38 release in the github://feenkcom/Brick repository?To solve this, in GT Releaser all release actions are reified as objects and are computed when the release object is created, before it is executed.

By adding a view that shows those actions we can explore them directly in the inspector.

For example, below we are inspecting the object that models the github://feenkcom/Brick repository in the v0.


38 release.

We can observe that to perform this release the master branch is merged into the release branch, the baseline code is updated, some metadata is exported, a new commit with a tag is created and finally the local changes are pushed.

Exploring the release actions performed in the github://feenkcom/Brick repository for the v0.


38 release.

Above we are only looking at the actions performed for a single repository.

Also useful is to see the complete list of actions for all repositories affected by the release.

We can also get that directly through an inspector view by inspecting the object that executes the actual release.

Exploring all the actions for creating a release.

Exploring the actions executed after a release is created.

Above we explore the release actions using two views.

The first shows the actions executed to create the actual release.

The second the actions executed after all the versions are created, which at the moment push changes.

Release actions in detailsSeeing the list of actions gets us more information, but it still does not always help us to understand what an action is going to do.

For example, what will the action for compiling the baseline of Brick do for release v0.


38?To get more details we can inspect actions.

If we inspect the action for compiling the baseline of Brick we immediately see the new code of the baseline and can look at a diff between the current version of the baseline and the new one.

Like this we see that creating version v0.


38 for Brick consists in adding links to fix versions for Bloc and Beacon.

Looking at what changes are done in a baseline in order to create a release version using an inspector view.

It can be also useful to see how the baseline in version v0.


38 differs from the baseline in the previous version of Brick.

The view Diff previous version shows us that.

We discover now that both versions use the same fix version for Beacon.

Only the Bloc version is updated.

Looking at the changes between the new version and the previous version using an inspector view.

Other actions expose the user to other kinds of information.

Below, the action for exporting metadata shows that metadata, which is a JSON file containing the concrete versions for all external dependencies.

Viewing the metadata that will be generated when creating the new release.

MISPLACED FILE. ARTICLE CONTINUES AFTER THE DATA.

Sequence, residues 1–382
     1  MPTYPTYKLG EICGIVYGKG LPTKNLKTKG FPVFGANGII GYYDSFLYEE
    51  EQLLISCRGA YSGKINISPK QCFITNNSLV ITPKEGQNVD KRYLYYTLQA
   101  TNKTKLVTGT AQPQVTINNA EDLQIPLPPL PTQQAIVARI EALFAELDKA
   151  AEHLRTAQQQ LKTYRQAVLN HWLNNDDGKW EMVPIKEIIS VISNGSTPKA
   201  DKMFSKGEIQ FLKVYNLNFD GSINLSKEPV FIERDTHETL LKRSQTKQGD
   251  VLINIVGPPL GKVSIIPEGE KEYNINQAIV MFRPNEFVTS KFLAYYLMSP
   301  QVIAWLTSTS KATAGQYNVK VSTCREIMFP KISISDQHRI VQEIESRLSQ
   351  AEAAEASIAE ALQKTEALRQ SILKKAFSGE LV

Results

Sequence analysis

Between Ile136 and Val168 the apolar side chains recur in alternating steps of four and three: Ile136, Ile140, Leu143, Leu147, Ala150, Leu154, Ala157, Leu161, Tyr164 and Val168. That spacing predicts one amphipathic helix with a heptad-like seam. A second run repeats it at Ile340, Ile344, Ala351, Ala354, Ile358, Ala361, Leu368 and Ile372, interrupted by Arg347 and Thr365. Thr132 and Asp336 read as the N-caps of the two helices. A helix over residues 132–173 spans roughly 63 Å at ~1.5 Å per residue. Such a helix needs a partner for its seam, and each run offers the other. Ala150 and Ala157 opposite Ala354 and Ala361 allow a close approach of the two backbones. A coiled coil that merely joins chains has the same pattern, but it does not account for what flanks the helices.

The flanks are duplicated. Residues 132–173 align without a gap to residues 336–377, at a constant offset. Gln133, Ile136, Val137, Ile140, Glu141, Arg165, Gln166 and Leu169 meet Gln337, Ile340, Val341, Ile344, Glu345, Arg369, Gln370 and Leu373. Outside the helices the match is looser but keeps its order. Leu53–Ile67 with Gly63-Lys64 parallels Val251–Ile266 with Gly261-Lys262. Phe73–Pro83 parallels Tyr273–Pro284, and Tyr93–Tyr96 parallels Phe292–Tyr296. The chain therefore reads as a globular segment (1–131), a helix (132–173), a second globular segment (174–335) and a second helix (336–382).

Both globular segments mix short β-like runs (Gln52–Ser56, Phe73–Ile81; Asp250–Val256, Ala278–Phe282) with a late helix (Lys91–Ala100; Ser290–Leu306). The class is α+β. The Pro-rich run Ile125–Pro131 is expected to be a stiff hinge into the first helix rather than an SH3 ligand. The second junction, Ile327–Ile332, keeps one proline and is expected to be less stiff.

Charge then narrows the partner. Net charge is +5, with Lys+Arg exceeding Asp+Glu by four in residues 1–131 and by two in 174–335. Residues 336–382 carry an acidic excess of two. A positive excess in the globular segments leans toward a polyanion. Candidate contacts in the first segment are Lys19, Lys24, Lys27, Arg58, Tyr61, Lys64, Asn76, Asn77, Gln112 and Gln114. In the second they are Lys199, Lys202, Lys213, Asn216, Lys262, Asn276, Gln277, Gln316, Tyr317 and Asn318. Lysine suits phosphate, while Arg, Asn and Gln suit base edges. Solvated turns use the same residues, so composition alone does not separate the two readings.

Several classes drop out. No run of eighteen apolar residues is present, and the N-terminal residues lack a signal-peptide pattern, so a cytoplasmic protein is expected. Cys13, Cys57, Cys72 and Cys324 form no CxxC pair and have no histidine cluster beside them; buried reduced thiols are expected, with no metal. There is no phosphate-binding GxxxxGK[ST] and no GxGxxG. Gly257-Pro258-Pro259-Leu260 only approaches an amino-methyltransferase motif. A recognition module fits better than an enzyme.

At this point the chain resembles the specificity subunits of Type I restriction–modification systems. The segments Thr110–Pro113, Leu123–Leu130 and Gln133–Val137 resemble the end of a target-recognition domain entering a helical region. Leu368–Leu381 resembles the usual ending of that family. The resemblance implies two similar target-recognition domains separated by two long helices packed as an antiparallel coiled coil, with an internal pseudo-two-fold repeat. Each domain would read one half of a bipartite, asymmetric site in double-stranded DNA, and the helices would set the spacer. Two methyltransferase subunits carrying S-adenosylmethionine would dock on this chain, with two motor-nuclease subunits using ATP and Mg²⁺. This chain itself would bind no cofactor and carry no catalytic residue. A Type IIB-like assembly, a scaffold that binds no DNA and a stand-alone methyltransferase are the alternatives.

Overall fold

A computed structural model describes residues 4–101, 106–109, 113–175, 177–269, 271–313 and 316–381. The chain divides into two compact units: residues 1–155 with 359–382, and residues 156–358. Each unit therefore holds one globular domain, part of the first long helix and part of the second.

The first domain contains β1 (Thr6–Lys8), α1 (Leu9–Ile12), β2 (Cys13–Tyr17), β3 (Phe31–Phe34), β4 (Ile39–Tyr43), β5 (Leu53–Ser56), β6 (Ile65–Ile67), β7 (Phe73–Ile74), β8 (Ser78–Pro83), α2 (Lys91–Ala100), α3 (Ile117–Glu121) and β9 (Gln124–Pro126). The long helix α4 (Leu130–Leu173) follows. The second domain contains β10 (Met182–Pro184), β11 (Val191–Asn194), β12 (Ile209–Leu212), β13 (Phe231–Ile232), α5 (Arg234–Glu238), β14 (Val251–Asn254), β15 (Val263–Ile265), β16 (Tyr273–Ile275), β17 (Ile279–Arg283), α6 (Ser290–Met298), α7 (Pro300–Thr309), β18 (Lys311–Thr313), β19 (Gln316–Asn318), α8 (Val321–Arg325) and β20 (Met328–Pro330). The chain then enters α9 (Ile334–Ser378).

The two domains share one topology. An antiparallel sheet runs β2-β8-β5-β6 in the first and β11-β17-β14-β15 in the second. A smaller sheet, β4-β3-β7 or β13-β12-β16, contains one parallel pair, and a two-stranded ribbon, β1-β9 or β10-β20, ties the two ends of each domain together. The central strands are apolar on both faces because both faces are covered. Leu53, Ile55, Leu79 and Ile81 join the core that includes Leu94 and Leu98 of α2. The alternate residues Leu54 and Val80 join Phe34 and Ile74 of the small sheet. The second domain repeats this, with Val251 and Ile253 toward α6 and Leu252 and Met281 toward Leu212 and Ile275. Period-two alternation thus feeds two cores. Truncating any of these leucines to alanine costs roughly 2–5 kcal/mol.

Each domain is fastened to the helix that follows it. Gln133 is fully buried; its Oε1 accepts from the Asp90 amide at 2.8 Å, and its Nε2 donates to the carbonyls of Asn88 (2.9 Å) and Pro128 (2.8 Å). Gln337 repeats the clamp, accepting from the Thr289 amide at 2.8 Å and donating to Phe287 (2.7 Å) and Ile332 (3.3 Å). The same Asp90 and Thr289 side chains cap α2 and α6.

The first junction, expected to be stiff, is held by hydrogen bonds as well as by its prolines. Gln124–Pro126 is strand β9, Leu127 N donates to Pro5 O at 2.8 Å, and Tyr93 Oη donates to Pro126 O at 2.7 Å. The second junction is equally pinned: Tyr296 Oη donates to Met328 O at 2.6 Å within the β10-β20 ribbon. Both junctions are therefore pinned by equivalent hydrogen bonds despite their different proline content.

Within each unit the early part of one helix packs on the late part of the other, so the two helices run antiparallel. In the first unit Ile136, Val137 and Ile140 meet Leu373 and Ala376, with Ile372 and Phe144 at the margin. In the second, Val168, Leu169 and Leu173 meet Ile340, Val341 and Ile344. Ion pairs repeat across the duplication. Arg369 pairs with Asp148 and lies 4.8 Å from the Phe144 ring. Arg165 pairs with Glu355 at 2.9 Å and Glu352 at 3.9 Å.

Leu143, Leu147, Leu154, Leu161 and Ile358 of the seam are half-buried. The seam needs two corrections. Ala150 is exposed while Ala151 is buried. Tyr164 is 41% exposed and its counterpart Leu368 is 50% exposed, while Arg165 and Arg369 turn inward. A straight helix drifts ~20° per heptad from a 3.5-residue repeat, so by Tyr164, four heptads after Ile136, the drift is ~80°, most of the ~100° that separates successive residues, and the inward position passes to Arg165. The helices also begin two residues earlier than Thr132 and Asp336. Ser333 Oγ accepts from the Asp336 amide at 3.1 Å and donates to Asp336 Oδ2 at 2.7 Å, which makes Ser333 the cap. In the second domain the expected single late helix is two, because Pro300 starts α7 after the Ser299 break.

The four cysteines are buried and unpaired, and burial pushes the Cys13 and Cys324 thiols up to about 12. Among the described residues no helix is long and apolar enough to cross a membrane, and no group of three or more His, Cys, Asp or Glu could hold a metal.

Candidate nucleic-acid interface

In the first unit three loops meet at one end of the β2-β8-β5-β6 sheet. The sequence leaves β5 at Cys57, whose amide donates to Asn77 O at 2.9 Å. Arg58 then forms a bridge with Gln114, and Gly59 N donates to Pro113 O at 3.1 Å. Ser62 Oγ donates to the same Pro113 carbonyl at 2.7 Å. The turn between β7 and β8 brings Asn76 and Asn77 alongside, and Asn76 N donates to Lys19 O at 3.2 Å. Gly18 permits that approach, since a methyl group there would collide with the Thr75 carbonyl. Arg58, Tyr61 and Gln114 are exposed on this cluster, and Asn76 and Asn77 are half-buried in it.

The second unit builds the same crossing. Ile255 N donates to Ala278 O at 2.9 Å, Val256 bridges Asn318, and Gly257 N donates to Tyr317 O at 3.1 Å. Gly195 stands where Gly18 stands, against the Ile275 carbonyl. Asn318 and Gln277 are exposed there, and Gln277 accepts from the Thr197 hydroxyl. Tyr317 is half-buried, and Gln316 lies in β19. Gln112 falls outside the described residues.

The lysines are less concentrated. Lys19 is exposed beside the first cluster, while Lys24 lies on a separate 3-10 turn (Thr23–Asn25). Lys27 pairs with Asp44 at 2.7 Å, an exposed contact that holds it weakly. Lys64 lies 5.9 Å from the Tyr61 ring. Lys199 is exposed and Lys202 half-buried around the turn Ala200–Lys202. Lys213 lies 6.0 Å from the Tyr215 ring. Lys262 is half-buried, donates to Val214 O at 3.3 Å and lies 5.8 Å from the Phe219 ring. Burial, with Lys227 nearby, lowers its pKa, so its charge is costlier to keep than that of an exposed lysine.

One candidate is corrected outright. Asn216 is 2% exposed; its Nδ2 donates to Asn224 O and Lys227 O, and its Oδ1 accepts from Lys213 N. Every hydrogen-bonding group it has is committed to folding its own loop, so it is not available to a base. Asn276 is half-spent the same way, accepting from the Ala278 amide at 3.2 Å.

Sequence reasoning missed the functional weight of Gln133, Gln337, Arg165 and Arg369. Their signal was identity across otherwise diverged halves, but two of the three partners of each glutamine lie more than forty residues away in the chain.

The action to commit shows the message that will be used for the commit.

Looking at the message that will be set for the commit that creates the new release.

Apart from just viewing data about a command, a user can also execute commands right in the inspector.

Both the views for showing a single action or a list of action allow users to execute actions.

Below the user executed the first three actions; those actions are highlighted in grey.

Release actions can be executed directly in the inspector.

Actions already executed are highlighted in grey.

The inspector as a user interfaceUntil now we did not see a dedicated user interface for GT Releaser.

We interacted with the tool only though the object inspector.

The object inspector allows us to see both implementation details and high-level views for our objects.

Thus the inspector acts both as a user interface for end users and a development tool for programmers working on the tool.

This way the inspector can provide under one uniform interface a way to interact with a software system at two different levels of abstraction: one for end users and one for programmers.

And there is no barrier between these two different ways to look at a software system.

They coexist together, and switching from one to the other is only one click away.

The cost for this user interface was also very low, almost for free.

We developed it incrementally while we built our domain model and wanted to have a better way to reason about it.

Using it then during development to understand the application far outweighed the initial cost to create it.

Often software systems support end users, from the very beginning, through dedicated user interfaces that are completely separated from the development tools used to create those systems.

But if the IDE is supposed to be integrated, it should allow us to look at software systems both from the perspective of an end user or that of a programmer.